On a set flanked by a pair of identical shutters, two women introduce themselves to the audience as Michael (Tonya Beckman) and Mykal (Deidra LaWan Starnes). Flashing Crest Whitestrips smiles and sounding every inch the saleswomen they are, they pretend to parry questions about their unusually masculine names before raveling out deeper similarities: Both were adopted, are now in their 50s and work at shutter supply stores. That these women might be cosmically, if not chromosomally, related instantly crosses everyone’s minds but theirs.
Kathryn Kawecki’s obstacle course of a set maroons these women in a sea of boxes, as if to deflect the suspicion raised by the play’s own title. Before they so much as acknowledge each other with a glance, the two women spend an inordinate amount of time rolling through the brier patch of their pasts. One worked as an administrative assistant; the other studied to become a dental hygienist. Mykal, who is Black, was given up by her first adoptive family after they decided they preferred a White child. (Racism, that hobgoblin of little minds, streaks through more than one memory.) Yet for all these women’s divergences, we never dawdle in doubt that their lives will eventually converge. The play is polka-dotted with such echoes and coincidences-that-turn-out-to-be-more-than-coincidences that the events start to feel preordained less than halfway in.
To their credit, Beckman and LaWan Starnes work hard to individualize parts that feel both overdetermined and stiltedly schematic: Michael is a woman grieving her mother’s recent death, and Mykal is a perma-exasperated grandmother whose daughter has just been evicted from her home. Beckman, a stalwart of D.C. theater, especially finds pockets of pathos in a largely static pageant by striding purposefully to a caldera of despair without falling in. Still, it’s not enough to rescue a work that’s short on spontaneity and long on tedious narration: The women’s lives come together as neatly and unremarkably as the teeth of a zipper.
In its overlapping tales, “Shutter Sisters” put me in mind of David Auburn’s “Summer, 1976,” another two-hander about the friendship of a pair of middle-aged women that ran last year on Broadway. Despite top-shelf performances from its actors, that play, too, ceded too much space to diaristic moments of being, to borrow a phrase from Virginia Woolf. But while “Summer” mercifully confined itself to events of one season, its close spiritual sister takes a more elliptical approach to storytelling, swiveling from the loss of a dementia-addled parent to the birth of a child.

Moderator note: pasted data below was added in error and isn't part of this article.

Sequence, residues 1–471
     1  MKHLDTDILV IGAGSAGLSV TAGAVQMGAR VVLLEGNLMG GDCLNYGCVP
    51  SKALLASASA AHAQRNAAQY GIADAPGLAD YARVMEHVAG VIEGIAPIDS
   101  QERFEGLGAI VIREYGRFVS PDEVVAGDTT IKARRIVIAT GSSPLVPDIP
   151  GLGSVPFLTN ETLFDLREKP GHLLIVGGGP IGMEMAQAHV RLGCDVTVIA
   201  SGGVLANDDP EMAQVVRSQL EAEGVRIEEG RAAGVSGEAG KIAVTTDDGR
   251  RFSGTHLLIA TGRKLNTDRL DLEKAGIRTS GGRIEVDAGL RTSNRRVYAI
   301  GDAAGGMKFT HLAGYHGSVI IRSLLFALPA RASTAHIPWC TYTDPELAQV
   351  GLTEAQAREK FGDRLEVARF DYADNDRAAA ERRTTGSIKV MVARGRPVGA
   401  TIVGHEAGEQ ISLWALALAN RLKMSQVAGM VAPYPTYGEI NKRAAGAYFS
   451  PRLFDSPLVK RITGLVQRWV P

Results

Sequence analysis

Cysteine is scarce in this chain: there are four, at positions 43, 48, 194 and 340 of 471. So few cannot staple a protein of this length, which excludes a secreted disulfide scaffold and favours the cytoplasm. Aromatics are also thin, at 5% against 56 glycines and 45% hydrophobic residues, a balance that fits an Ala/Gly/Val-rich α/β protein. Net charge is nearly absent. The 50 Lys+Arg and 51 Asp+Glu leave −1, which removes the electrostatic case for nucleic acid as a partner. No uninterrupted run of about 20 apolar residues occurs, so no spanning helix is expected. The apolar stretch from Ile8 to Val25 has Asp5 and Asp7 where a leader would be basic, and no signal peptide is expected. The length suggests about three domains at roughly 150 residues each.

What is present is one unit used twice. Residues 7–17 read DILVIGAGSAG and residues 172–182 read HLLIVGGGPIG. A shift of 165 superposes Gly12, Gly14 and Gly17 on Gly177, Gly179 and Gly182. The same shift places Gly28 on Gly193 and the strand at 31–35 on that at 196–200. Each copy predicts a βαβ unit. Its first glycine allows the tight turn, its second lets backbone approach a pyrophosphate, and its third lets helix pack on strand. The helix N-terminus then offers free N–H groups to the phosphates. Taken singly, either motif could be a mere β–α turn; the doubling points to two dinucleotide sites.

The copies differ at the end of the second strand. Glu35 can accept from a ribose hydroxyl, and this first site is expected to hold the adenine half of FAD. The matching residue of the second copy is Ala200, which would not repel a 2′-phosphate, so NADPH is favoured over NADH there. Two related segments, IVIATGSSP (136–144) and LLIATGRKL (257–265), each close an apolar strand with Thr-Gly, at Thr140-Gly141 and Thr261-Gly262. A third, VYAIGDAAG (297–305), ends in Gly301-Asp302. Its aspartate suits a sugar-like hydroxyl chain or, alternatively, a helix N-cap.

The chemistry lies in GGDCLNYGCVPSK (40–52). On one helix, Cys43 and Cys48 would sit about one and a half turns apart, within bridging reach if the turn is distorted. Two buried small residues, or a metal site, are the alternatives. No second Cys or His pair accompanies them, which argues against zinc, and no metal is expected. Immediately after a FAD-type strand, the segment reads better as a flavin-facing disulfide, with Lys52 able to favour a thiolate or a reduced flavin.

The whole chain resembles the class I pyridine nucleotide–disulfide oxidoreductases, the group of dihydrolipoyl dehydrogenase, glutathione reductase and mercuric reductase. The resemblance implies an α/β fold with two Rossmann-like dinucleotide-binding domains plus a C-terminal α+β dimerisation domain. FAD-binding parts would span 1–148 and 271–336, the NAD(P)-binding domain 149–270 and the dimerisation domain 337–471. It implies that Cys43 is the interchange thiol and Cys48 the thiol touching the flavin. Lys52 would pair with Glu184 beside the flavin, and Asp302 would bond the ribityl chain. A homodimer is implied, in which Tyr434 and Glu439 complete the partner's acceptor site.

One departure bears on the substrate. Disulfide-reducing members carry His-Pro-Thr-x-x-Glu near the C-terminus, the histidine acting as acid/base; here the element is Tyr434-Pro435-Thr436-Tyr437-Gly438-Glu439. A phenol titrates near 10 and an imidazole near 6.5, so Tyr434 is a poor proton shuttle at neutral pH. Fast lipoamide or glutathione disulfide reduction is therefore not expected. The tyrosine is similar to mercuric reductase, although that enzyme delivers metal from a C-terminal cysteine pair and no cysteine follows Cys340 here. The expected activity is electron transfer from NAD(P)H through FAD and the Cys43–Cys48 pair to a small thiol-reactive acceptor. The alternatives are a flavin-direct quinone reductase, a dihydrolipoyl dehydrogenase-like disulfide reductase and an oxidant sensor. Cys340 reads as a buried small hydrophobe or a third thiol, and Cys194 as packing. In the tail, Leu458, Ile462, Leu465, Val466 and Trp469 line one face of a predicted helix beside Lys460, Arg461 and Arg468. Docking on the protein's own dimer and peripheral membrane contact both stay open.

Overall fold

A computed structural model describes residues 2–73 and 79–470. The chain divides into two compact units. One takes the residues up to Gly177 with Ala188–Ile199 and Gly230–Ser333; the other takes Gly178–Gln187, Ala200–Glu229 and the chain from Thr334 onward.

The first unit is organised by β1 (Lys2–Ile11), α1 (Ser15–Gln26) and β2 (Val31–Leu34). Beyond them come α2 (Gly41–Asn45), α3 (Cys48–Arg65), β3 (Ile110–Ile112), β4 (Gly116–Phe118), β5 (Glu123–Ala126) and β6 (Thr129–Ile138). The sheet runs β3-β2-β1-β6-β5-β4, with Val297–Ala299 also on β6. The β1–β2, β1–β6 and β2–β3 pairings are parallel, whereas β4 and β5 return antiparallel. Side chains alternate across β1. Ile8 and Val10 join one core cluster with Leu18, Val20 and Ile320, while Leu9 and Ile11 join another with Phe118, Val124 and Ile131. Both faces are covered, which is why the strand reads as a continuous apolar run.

Not all of the recounted events are credible. In one scene, Mykal recalls the day her boss called her into her office to break “some pretty amazing news”:
“We want you to be the training manager for our new region.”
I didn’t understand what she was saying.
“We can’t offer much in terms of relocation. But we’re willing to reimburse $1,000 of your expenses.”
“I’m offering you a promotion, Mykal.”
At this juncture, Mykal is no green employee, but a woman who, in a previous job, felt entitled to a “senior position with my name all over it” and once had the chutzpah to march up to a Macy’s counter and brag to a sales associate that “I can make you three sales right now. And I can make more if you hire me!” That she fails to recognize a promotion until it’s spelled out on a billboard beggars belief.
The play, similarly, italicizes its themes, most of which are bluntly realized on Kawecki’s set that manages to be both busily semaphoric and strikingly inert. The moving boxes pull so much focus, they’re practically honorary members of the cast, while the seethingly symbolic tree that partially domes a barely suggested living space has unconvincing roots made of ropes.
Perhaps thinking of that tree and its wayward branches, Mykal says to her counterpart at the end of the play, “I’m starting to think maybe you get to decide what path you want to be on.” It’s a nice idea, but one that the play has shown us to be untrue: The permit for her life’s path was registered long ago.
Shutter Sisters, by Mansa Ra. Directed by Eric Ruffin. Sets, Kathryn Kawecki; costumes, Lynly Saunders; lighting, Adam Mendelson; sound, David Lamont Wilson. About 1 hour and 30 minutes. Through Feb. 18 at 1st Stage, 1524 Spring Hill Rd., Tysons, Va. 1ststage.org.